He fooled stars by promising Heat tickets during the LeBron era. Now, he’s a fugitive.

George French Jones
George French Jones Miami-Dade Corrections

The notorious Miami con man who scammed celebrities and sports figures by promising Miami Heat season tickets is now a fugitive — accused of using phony documents to snag ownership of luxury South Florida condos.

An arrest warrant has been issued for George French Jones, 49, after he failed to show up to a recent court date in Miami.

The disappearance was expected by victims of Jones, a law school-trained smooth talker who has spent the past few decades in and out of jail for various swindles. In the Miami case, Jones was free awaiting trial after posting a $30,000 bond, but was never required to wear an ankle monitor.

“It doesn’t come as a surprise. I wish I could have bet on it,” said Los Angeles sports agent David Meltzer, who lost $200,000 to Jones in the Heat scam a few years ago. “What saddens me is that I know he’s going to do it again.”

Jones’ listed phone number no longer accepts incoming calls. His lawyer, Fred Moldovan, could not be reached for comment on Monday morning.

Jones’ long history of financial misdeeds was profiled in the Miami Herald in August.

His most infamous scam started in 2013 with Jones looking for victims by browsing the The Robb Report, a magazine aimed at the jet-setting elite. His play was to offer season tickets for the New York Yankees and the Miami Heat, which was then enjoying the championship successes of LeBron James, Chris Bosh and Dwyane Wade.

Among his unsuccessful targets: former NFL players Charles Woodson and Jarvis Green. He also scammed Nick Cannon, a TV personality and former husband of singer Mariah Carey, out of $15,000, purportedly for a share of the Atlanta Hawks.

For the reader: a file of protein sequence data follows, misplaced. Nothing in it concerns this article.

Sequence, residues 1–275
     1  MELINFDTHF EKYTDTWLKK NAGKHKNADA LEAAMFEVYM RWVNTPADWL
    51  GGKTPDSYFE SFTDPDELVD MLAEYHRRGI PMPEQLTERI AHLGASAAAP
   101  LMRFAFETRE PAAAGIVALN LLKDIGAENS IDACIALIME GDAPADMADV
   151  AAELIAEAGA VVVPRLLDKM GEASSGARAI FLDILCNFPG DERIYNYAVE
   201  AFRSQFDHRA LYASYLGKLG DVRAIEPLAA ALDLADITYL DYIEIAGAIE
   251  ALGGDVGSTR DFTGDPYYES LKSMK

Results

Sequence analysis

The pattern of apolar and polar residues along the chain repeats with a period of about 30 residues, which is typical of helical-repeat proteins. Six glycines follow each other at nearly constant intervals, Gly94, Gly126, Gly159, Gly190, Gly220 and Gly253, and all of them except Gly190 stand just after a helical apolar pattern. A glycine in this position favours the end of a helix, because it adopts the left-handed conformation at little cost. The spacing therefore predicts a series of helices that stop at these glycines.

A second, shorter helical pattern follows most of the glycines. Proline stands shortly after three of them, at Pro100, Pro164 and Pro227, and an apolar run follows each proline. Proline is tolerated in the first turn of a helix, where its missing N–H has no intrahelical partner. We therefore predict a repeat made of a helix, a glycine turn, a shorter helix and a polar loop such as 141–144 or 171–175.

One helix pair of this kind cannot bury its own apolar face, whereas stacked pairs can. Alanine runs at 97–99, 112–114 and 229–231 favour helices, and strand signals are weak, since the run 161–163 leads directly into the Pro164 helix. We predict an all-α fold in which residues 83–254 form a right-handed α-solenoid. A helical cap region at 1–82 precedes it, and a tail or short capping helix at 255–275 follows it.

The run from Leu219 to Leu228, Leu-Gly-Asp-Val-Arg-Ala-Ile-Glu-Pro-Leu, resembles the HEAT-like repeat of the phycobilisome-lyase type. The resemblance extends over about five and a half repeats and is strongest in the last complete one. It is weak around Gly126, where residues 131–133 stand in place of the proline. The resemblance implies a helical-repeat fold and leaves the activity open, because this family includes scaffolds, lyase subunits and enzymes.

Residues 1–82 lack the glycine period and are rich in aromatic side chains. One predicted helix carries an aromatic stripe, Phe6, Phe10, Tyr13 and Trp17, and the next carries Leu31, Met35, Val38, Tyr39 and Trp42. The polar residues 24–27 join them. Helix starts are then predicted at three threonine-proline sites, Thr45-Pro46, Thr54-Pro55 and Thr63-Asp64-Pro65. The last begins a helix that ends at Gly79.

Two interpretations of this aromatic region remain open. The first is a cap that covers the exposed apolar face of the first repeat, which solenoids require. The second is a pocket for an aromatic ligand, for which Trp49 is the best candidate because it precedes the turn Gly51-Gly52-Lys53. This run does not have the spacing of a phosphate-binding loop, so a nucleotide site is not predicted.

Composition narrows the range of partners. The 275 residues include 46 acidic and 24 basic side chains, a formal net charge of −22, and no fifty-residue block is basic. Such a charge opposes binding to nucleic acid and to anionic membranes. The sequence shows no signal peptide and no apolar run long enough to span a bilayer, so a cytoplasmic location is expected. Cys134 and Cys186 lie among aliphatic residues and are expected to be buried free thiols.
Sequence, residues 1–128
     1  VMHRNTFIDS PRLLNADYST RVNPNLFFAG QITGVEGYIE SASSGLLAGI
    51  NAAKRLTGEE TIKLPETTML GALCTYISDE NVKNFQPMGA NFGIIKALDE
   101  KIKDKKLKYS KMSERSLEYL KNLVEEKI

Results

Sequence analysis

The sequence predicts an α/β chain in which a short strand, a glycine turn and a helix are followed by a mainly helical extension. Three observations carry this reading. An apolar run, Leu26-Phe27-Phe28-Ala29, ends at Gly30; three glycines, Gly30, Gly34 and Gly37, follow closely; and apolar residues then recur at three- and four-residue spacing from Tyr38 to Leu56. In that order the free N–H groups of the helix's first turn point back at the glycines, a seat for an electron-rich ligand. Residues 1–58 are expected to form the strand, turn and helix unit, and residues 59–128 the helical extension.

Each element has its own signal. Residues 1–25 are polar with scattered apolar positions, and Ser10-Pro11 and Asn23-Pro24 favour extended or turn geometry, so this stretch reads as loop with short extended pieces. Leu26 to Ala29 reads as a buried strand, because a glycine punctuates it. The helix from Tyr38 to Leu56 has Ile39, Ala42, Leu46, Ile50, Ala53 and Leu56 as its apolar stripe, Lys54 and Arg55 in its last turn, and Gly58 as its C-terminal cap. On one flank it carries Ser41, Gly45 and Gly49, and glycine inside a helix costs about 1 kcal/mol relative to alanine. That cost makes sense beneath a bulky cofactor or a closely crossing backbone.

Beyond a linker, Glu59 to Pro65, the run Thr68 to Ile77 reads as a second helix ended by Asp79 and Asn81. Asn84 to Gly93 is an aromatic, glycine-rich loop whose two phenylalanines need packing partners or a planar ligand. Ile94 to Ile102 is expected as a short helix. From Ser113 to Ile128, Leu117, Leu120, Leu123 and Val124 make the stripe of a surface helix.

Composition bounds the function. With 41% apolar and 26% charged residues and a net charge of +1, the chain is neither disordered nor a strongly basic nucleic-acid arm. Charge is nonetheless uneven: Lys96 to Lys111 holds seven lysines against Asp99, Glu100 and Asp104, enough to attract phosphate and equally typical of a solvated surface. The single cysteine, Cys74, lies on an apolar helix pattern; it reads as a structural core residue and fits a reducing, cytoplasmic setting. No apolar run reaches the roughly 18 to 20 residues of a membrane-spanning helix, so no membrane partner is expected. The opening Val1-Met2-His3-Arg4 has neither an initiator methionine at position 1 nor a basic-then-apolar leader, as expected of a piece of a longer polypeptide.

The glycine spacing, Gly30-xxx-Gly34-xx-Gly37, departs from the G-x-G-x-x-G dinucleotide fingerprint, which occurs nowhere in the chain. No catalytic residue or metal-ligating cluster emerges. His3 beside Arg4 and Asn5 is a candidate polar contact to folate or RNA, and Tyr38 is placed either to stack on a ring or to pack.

His most lucrative haul was the $200,000 from sports agent Meltzer, who runs Sports1Marketing with NFL Hall of Fame Quarterback Warren Moon. Jones claimed he was part of a group that was putting together a deal to sell a small ownership in the franchise, plus courtside seats, from minority owner Sidney Kimmel.

The whole deal turned out to be a sham.

Jones was eventually arrested in Los Angeles. But as has happened throughout his career, he did minimal prison time for stealing from Meltzer and others — just 16 months behind bars. When he got out, Jones moved to South Beach, where police say he began posing as a high-roller looking to buy high-end condos.

According to prosecutors, Jones used phony documents to try to gain ownership of a high-end South Beach condo while at the same time trying to take out a $250,000 loan against the property. He’s also facing a second criminal case, accused of impersonating a condo owner to secure a $441,000 loan against the woman’s posh Brickell home.

In two other cases, civil lawyers allege Jones pulled similar scams — using phony driver licenses and court documents — to gain control of a beachfront Fort Lauderdale condo, as well as a mansion in the Cocoplum neighborhood of Coral Gables.